Green Light

GREEN LIGHT. Australia, 2019, 73 minutes, Colour. Directed by Ned Donohoe. Rated M (Mature themes and coarse language). 

The action in this film was shot in the first part of 2018. It places itself as a contribution to the ongoing discussion about medicinal marijuana, and issues of public opinion, Australian legislation, availability of prescriptions and supply, the risks to those involved in supply, especially prospect of prison.

The advantage of the film in alerting the public at eliciting some interest and sympathy is the choice of the two central characters, Luke and Nick, who explain how they felt some call to help other people, have been able to produce the two strains of medicinal marijuana and their being able to supply. They are shown to be on call 24/7, phone calls and texts from seriously ill people, their families and carers.

And the advantage in seeing Luke and Nick is that the early part of the film introduces them well, ordinary blokes, one might say, Luke with a son, Nick with three daughters and a pregnant partner. They listen. They are sympathetic. And, while trying to be emotionally balanced, have great empathy with those they deal with.  At one stage they remark that the dealer is the healer!

The choice of those in need is very varied but elicits both shock and compassion from the audience. There is an elderly man with an extraordinary growth covering the one side of his face. There is a dwarf who suffers from the most fragile of bones, continually fracturing. There is a young child with cancer. There is a martial arts instructor who also suffered from cancerous eruptions.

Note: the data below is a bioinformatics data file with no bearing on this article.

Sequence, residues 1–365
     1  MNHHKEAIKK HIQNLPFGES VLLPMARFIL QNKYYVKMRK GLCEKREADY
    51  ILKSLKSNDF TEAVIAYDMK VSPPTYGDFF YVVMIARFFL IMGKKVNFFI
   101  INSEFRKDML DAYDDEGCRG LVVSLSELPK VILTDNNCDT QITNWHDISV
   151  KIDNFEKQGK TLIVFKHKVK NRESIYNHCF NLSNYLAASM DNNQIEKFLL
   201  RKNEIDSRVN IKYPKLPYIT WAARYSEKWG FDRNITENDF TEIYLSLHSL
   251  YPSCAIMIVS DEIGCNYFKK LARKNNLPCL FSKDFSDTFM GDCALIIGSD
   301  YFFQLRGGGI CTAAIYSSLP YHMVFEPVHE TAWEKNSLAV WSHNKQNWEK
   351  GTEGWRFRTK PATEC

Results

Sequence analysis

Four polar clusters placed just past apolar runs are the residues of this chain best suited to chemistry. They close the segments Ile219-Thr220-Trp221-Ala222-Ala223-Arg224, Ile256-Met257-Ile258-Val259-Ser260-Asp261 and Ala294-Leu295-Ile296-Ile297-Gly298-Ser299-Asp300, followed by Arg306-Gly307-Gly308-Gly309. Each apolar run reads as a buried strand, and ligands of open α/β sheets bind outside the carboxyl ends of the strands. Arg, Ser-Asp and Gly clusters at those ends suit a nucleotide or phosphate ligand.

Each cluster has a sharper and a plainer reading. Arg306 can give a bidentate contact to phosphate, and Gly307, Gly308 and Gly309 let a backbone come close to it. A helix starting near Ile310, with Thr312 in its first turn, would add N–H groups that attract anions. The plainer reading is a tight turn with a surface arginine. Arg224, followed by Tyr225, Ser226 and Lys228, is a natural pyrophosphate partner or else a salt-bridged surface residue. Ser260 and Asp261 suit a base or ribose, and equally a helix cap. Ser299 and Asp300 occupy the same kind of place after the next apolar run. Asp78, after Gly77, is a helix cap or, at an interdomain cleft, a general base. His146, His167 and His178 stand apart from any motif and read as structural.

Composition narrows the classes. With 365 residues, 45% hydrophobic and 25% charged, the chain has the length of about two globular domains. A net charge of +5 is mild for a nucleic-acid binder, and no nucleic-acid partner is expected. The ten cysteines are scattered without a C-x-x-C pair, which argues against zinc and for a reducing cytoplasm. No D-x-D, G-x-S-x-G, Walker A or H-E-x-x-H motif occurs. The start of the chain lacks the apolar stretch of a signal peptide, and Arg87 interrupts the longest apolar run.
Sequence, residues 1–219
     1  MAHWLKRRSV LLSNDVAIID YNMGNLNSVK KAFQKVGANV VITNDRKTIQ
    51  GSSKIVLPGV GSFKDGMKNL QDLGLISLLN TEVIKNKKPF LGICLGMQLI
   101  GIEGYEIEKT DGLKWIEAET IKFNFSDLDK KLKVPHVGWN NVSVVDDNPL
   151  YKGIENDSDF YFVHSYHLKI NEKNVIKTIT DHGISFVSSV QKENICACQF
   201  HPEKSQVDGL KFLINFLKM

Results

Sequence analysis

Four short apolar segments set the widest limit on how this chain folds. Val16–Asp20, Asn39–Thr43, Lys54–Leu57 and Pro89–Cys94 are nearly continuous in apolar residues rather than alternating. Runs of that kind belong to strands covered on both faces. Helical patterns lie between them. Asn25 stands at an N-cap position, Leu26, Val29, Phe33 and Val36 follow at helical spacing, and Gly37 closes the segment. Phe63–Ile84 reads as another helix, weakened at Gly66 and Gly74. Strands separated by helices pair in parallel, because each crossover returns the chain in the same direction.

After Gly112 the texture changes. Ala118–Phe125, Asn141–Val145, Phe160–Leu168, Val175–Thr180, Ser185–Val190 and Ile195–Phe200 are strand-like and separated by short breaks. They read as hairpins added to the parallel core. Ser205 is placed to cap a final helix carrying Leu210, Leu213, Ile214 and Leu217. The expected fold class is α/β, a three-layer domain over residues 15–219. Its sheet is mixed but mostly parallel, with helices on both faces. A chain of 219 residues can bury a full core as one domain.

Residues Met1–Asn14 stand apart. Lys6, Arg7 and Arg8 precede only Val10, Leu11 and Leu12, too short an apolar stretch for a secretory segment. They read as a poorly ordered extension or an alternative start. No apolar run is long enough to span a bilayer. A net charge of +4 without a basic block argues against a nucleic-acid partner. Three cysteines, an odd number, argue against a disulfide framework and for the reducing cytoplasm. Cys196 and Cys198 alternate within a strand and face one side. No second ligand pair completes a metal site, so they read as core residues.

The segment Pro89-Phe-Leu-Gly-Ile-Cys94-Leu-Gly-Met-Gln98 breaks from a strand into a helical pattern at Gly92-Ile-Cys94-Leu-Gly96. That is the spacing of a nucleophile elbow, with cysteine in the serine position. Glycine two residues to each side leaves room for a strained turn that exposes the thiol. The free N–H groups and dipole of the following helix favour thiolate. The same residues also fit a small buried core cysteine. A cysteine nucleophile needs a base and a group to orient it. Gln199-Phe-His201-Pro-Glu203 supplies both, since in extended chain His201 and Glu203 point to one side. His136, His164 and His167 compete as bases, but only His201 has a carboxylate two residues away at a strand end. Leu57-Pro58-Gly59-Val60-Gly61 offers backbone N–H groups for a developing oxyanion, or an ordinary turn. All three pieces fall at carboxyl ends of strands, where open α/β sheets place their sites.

The audience is in no doubt that these men and women are certainly in need of some kind of medicinal and psychological and emotional solace and that the use of the medicinal marijuana provides this – but also seems to provide in many cases movements towards healing. And, for human interest, they also treat a horse with a growth on its nose, see its treatment, its improving – and an exhilarating ride for Nick.

What makes the men’s dedication even more significant is that they both explain how they had severe drug problems in their own lives, which challenged them, and they decided that they did have a call to healing others.

Different views are expressed about issues of law and legislation, some glimpses of meetings to discuss these issues, the continued tension as the two men go on their rounds. (And a great deal of scenes of nature and beauty.)

So, we have a topical documentary working on stories of real people rather than just simply analysing information, facts, issues of health, of law and politics.

Released October 10th

Peter Malone MSC is an Associate of the Australian Catholic Office for Film and Broadcasting.

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